Paving the Way for Innocence
Bills attempt to right criminal justice wrongs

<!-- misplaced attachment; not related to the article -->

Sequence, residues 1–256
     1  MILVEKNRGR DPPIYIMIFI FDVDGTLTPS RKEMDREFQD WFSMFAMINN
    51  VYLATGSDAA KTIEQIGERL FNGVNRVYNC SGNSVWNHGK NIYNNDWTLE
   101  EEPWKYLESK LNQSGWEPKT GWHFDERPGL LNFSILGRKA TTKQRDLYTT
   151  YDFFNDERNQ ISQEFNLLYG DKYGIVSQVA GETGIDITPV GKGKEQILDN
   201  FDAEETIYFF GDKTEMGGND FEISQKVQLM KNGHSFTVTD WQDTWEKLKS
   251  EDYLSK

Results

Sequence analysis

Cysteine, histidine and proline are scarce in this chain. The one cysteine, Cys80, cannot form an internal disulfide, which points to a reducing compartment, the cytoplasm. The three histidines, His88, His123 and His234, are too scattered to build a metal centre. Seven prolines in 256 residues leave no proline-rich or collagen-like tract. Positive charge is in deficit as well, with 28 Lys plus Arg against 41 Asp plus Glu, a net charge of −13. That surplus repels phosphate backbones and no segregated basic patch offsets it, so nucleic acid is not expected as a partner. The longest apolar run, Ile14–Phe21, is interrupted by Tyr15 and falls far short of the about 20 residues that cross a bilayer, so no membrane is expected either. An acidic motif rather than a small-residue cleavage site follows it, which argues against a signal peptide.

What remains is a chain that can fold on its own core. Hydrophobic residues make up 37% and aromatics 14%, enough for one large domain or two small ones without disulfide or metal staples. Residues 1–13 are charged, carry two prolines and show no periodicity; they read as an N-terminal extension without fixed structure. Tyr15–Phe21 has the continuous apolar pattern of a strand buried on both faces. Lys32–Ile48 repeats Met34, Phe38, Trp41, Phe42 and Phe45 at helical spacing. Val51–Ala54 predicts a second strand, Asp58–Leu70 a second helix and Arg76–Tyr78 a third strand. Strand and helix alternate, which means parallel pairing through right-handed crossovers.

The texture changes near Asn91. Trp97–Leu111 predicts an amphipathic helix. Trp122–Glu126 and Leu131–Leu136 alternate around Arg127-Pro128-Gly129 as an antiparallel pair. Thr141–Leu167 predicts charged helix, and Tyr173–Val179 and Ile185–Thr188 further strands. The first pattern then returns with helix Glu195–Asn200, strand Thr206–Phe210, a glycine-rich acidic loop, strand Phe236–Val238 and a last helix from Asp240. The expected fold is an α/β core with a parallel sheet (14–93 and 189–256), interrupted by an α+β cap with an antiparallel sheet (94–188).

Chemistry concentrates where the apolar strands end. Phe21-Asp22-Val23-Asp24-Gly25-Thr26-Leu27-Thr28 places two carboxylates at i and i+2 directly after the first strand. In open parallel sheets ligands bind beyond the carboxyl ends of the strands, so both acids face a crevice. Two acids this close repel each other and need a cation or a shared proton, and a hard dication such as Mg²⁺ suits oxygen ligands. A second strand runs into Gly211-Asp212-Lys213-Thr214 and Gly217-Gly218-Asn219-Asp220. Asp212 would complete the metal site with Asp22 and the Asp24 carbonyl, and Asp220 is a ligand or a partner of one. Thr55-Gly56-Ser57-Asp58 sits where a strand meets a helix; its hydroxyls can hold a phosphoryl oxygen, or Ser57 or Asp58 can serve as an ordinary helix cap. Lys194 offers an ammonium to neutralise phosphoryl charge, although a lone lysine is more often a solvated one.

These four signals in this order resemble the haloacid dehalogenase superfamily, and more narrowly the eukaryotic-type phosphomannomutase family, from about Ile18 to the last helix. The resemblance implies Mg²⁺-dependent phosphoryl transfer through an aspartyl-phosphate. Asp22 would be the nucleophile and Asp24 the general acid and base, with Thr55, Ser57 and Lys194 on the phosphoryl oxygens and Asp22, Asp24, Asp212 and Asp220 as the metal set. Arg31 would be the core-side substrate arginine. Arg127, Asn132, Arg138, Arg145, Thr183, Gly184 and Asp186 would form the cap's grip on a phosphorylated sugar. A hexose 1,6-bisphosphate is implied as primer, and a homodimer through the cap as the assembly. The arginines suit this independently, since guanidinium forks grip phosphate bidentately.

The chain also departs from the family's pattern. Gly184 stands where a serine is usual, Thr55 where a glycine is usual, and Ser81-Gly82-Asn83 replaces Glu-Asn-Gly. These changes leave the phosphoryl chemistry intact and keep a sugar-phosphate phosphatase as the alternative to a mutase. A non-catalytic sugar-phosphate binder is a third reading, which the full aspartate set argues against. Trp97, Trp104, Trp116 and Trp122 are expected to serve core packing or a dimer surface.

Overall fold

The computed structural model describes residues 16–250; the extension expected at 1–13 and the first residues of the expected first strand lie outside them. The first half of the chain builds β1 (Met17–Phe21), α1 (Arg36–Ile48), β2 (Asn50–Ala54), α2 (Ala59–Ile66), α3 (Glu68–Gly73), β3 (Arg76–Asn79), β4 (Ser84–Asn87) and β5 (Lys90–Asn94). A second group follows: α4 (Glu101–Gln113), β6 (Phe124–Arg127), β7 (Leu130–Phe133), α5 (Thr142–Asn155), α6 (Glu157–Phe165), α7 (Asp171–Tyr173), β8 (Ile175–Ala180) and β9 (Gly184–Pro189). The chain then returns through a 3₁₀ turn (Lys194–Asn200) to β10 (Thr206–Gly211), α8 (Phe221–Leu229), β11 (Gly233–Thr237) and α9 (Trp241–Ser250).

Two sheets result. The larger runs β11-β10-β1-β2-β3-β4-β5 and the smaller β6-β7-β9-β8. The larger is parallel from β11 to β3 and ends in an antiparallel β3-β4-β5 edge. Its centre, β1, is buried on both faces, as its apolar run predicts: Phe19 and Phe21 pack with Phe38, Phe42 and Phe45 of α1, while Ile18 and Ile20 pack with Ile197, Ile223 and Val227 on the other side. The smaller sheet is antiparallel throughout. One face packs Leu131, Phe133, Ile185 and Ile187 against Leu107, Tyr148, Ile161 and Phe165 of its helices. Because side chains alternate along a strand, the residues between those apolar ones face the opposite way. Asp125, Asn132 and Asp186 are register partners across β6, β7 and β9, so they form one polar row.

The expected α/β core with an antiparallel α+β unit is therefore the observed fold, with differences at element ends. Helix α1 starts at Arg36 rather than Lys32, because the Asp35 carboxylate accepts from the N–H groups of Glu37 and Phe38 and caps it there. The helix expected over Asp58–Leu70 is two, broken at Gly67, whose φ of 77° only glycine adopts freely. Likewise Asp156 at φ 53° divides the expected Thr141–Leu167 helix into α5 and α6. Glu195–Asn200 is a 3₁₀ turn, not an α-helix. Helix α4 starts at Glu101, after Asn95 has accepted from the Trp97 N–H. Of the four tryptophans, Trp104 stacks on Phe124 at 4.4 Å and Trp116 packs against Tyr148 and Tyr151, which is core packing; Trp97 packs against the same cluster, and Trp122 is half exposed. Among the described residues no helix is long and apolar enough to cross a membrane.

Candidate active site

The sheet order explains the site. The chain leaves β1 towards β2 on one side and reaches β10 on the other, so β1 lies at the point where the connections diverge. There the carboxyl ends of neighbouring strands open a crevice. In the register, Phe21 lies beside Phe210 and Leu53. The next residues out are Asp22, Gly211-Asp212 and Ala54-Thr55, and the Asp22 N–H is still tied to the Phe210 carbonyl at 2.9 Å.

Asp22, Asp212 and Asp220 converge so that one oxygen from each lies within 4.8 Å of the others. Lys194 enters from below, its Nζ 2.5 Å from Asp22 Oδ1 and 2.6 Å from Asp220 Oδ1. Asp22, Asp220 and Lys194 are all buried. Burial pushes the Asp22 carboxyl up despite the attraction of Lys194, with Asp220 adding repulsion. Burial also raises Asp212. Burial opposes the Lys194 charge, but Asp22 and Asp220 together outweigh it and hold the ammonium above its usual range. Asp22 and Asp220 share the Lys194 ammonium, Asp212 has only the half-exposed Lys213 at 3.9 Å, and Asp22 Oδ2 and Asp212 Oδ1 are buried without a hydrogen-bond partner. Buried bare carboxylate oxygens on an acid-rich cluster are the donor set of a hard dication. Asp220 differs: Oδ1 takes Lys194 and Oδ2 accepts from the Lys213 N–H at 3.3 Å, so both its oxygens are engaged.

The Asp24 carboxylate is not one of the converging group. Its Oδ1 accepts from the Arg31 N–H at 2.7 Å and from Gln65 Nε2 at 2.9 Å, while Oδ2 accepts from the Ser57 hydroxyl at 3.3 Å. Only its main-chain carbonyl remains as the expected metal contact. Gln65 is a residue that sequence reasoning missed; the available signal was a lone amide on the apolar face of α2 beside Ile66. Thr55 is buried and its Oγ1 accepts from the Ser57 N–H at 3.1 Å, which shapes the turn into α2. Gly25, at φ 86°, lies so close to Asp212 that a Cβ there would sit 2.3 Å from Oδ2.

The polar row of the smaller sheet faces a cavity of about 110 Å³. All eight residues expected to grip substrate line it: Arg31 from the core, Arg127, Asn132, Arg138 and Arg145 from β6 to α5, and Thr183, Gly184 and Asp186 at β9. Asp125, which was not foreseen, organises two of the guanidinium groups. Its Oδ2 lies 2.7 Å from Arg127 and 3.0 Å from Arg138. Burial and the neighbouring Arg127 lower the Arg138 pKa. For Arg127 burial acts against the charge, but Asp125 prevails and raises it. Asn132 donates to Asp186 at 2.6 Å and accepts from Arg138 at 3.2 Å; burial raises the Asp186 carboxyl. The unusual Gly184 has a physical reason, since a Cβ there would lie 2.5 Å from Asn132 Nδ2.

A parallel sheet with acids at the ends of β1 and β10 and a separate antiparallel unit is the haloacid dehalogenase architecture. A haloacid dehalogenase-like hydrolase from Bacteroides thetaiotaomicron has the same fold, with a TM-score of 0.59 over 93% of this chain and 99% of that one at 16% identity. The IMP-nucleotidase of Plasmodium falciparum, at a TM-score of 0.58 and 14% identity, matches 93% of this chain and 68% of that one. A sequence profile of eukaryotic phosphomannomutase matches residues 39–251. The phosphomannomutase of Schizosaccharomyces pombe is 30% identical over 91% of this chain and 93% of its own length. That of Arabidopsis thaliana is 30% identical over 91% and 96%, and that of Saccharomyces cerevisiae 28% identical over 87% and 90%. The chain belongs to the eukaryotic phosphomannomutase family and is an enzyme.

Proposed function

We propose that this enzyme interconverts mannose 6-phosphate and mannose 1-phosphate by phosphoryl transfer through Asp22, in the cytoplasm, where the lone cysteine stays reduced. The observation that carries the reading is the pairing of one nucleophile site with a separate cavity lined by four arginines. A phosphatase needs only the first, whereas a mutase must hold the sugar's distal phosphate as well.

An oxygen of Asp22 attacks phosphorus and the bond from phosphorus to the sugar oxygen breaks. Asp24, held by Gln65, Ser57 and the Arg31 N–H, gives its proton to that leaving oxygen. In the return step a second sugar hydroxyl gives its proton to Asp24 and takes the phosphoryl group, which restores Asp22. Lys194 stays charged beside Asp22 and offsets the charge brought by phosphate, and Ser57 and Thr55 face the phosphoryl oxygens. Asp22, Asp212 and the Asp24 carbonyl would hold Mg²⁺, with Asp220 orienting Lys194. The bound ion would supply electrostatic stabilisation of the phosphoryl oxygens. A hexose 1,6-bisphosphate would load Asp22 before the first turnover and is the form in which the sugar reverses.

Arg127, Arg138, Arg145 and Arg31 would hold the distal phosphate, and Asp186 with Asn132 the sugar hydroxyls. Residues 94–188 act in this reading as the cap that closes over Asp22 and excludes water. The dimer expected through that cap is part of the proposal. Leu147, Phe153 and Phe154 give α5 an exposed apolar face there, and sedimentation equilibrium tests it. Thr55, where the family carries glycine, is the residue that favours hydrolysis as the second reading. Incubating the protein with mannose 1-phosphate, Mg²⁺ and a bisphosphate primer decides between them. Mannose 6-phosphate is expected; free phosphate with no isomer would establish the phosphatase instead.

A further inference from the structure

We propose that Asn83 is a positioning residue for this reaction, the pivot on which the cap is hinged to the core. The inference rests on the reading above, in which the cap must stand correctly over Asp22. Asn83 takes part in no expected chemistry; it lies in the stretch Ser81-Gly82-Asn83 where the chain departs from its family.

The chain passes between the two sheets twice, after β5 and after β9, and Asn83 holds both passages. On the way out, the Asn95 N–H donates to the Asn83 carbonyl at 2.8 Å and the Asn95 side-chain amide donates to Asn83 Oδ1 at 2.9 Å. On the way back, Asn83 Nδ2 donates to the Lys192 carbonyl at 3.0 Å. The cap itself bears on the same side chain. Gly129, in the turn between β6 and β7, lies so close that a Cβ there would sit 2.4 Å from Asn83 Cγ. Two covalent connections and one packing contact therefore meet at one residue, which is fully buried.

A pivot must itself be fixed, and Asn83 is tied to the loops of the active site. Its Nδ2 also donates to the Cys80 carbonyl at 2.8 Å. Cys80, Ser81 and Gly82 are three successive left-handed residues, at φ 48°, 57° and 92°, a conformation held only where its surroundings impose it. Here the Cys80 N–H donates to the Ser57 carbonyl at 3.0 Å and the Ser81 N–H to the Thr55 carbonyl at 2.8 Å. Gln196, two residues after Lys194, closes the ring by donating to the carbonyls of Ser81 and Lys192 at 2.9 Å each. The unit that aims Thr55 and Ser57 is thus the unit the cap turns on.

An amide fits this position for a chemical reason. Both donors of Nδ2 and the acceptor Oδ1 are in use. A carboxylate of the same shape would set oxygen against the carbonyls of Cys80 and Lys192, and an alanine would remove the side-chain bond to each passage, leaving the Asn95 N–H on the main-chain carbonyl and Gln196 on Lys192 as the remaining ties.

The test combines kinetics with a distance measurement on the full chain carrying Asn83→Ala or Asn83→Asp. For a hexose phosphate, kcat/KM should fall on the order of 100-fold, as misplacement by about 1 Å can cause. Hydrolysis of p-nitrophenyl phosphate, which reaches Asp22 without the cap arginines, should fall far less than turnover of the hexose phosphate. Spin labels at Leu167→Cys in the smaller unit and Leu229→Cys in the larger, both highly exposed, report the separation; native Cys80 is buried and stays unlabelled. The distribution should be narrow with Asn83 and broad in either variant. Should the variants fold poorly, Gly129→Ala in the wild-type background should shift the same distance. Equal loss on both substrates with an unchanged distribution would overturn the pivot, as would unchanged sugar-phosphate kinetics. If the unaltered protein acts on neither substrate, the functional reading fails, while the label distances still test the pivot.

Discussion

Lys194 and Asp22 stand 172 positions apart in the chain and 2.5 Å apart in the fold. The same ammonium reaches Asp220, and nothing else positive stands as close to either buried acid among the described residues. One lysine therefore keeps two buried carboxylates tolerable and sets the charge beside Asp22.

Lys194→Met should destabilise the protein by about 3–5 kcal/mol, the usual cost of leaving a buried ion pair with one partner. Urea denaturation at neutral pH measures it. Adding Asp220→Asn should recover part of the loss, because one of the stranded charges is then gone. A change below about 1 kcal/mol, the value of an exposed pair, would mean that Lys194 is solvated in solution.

Last week the House Criminal Jurisprudence Committee unanimously voted to move out of committee Alpine Dem Pete Gallego's House Bill 215, which would require police agencies to adopt model procedures for handling live and photo lineups of suspects. The bill, which failed to pass last session (another victim of chubbing), is part of a package of innocence-related bills introduced by Gallego and Sen. Rodney Ellis, D-Houston. To date, the state has seen 41 DNA exonerations; nationwide, according to the Innocence Project, there have been 266. Most of those wrongfully convicted and then exonerated – roughly 75%, reports the IP – were convicted largely, if not exclusively, because of a faulty eyewitness identification. The bill seeks to remedy that situation, and moved quickly out of committee and to the full House for consideration. The Senate Criminal Justice Committee on Tuesday unanimously passed Ellis' Senate Bill 121 to the full body for consideration. Another a part of the so-called "innocence package" of bills is HB 220, also by Gallego, which would create a uniform way back into court for those convicted based on faulty or outdated science – potentially including cases like that of Austin's Fran and Dan Keller, convicted in 1992 of abusing a girl at their home-based day care. A doctor who testified in the case – saying that he saw signs of abuse – now says that he believes advancements in science have proven he was wrong (see "Believing the Children," March 27, 2009). That bill was heard but remains in committee along with HB 219, which would require police to make video recordings of custodial interrogations.